Thursday 29 September 2016


LEON TALMI (LEYZER TALMINOVITSKI) (January/February 1893-August 12, 1952)

            He was a current events author and translator, born in the town of Lyakhavichy, Byelorussia, into a family of merchants. He studied in religious primary school, later attending the local senior high school. He early on joined the territorialist movement and later joined the Zionist Socialist Party. Around 1912 he moved with his parents to the United States, lived for a time in a provincial city in the state of Ohio, and then settled in New York where he became (1916) secretary of the territorialist newspaper Unzer vort (Our word). From that time forward, he remained connected to the journalistic world. After the February Revolution (1917), he departed for Russia, where he worked for the Kiev-based Naye tsayt (New times), the daily organ of the “Fareynikte” (United socialist party), and survived all the metamorphoses of the Fareynikte until its merger with the Russian Communist Party, when he became a Communist. In 1919 he published a translation of Oscar Wilde’s Der shlekhter riz (The bad giant [original: The Selfish Giant]) (Kiev: Kiever farlag), 14 pp. In 1920 he returned to the United States. He edited the monthly Oyfboy (Construction), published (1922-1923) in New York by the American division of the Idgezkom (Idishe gezelshaftlekhe komitet, [All-Russian] Jewish Social Committee [for relief to pogrom victims]); he published in issues 3 and 10 of Oyfboy a list of 515 Yiddish books and pamphlets that were published in Russia over the years 1917-1922. He later became a regular contributor to Morgn-frayhayt (Morning freedom), the Communist newspaper in New York. He was also co-editor of the Communist monthly Der hamer (The hammer). He was one of the principal leaders in the IKOR (Yidishe kolonizatsye organizatsye in rusland [Jewish colonization organization in Russia]) movement in America; the group was founded in the U.S. in the fall of 1924. In 1929 he went with an IKOR expedition to Birobidzhan, and as a result he published a book entitled Af royer erd, mit der “ikor” ekspeditsye in biro-bidzhan (On rough terrain, with the IKOR expedition to Birobidzhan) (New York: Frayhayt, 1931), 258 pp. This was a pro-Soviet book, full of rapturous praise for the Jewish migrants’ epic. In the early 1930s, after his return to the United States, he continued his editorial activities with Communist publications, including several IKOR works in New York, and he co-edited the Ikor-yorbukh (IKOR annual) (New York, 1932). In 1934 he settled for good in the Soviet Union, withdrew from Yiddish work, and became one of the editors of English-language propaganda for the Bolshevik regime. His name appeared very seldom in Yiddish publications thereafter, and he went on to work as one of the translators and editors of propaganda publications in English. His work appeared in the anthology Birebidzhan (Birobidzhan) (Moscow, 1936).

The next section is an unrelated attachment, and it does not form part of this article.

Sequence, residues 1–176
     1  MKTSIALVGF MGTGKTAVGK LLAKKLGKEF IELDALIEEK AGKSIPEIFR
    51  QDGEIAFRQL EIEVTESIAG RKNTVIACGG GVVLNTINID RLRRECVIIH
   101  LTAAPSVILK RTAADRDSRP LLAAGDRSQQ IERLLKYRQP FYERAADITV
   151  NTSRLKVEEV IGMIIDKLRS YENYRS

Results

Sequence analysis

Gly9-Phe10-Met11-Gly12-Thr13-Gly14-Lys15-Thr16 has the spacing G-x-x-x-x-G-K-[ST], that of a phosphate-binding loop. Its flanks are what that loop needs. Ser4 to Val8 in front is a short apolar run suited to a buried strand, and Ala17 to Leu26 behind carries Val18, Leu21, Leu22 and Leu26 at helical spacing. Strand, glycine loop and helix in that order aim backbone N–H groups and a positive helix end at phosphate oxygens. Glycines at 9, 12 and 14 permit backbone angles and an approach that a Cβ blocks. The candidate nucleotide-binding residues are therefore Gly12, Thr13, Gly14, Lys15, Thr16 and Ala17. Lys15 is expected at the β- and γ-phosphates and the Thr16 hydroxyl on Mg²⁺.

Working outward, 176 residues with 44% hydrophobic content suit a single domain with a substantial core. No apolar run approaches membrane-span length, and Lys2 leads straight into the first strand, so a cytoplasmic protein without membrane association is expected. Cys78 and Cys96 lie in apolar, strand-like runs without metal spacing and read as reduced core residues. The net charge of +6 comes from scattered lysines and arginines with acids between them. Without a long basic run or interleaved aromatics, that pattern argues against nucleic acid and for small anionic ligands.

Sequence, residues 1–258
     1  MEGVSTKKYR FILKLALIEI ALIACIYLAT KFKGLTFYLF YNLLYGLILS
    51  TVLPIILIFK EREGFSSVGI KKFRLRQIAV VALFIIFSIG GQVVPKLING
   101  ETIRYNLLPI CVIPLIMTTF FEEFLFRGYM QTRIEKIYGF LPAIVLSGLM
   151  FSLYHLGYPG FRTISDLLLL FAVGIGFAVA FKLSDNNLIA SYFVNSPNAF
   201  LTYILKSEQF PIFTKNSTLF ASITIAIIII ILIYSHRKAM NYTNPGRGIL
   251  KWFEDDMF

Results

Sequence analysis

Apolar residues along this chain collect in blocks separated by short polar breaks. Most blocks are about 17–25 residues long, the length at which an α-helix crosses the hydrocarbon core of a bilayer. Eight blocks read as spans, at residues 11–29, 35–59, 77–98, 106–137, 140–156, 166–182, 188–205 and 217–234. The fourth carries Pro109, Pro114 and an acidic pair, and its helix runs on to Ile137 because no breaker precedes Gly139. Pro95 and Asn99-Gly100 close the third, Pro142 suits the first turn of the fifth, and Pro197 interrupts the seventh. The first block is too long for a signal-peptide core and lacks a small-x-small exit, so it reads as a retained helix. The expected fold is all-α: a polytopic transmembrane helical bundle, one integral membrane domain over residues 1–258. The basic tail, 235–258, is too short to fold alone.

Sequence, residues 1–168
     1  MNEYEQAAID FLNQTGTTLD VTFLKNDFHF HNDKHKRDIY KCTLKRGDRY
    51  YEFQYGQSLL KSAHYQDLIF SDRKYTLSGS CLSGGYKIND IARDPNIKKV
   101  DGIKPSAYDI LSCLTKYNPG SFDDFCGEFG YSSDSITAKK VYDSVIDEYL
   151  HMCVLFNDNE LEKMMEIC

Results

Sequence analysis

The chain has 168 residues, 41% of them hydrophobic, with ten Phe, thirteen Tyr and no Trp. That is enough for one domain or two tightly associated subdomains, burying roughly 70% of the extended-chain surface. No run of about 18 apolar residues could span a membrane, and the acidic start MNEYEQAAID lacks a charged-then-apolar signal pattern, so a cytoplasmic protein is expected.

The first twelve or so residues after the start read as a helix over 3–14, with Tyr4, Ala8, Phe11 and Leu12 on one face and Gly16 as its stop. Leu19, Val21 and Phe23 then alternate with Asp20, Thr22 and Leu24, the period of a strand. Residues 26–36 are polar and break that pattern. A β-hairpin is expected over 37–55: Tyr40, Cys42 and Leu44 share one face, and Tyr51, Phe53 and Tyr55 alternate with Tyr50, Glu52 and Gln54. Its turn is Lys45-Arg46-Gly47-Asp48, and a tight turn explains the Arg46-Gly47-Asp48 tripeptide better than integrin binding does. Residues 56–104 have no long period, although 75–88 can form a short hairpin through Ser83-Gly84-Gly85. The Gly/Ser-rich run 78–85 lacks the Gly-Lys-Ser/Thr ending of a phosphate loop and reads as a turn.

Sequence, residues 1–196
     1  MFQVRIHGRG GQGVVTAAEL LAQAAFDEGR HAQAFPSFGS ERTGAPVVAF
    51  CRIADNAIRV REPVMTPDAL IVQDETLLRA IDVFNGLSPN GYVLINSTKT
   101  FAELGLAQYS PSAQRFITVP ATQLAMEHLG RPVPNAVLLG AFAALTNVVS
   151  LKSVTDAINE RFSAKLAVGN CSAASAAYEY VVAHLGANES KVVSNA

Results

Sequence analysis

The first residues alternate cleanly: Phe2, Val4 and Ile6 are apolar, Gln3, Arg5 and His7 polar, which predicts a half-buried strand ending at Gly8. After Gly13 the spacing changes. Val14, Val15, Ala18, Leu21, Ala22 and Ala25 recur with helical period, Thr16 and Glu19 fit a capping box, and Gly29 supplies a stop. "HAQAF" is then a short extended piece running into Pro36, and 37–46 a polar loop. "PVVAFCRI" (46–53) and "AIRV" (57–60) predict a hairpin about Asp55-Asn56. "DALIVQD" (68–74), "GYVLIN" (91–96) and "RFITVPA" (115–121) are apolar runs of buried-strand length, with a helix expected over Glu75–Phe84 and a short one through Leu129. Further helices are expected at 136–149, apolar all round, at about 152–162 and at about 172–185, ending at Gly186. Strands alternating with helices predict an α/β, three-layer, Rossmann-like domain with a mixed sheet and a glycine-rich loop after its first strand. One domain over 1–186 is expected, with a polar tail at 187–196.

During the years of WWII, Talmi’s name was frequently mentioned as a member of the Jewish Anti-Fascist Committee in Moscow. He wrote articles on the fight against fascism. His last place of work was “Sovinformbyuro” (Soviet Information Bureau). He was arrested on July 3, 1949, charged with “anti-Soviet and nationalist activities, as well as espionage on behalf of America,” and in accordance with the sentence of the military jury from the high court of the Soviet Union, he was executed on August 12, 1952, with twelve other accused of the same offenses.

Sources: Zalmen Reyzen, Leksikon, vol. 1; A. Pomerants, in Morgn-frayhayt (New York) (April 27, 1931); P. Vyernik, in Morgn-zhurnal (New York) (April 19, 1931); A. Glants, in Tog (New York) (May 8, 1931); V. Abrams, in Der hamer (New York) (June 1931); A. Abtshuk, Etyudn un materialn tsu der geshikhte fun der yidisher literatur bavegung in FSRR (Studies and material for the history of the Yiddish literature movement in the Soviet Union) (Kharkov, 1934), p. 25.

Borekh Tshubinski

[Additional information from: Berl Kagan, comp., Leksikon fun yidish-shraybers (Biographical dictionary of Yiddish writers) (New York, 1986), col. 276; and Chaim Beider, Leksikon fun yidishe shrayber in ratn-farband (Biographical dictionary of Yiddish writers in the Soviet Union), ed. Boris Sandler and Gennady Estraikh (New York: Congress for Jewish Culture, Inc., 2011), pp. 160-61.]

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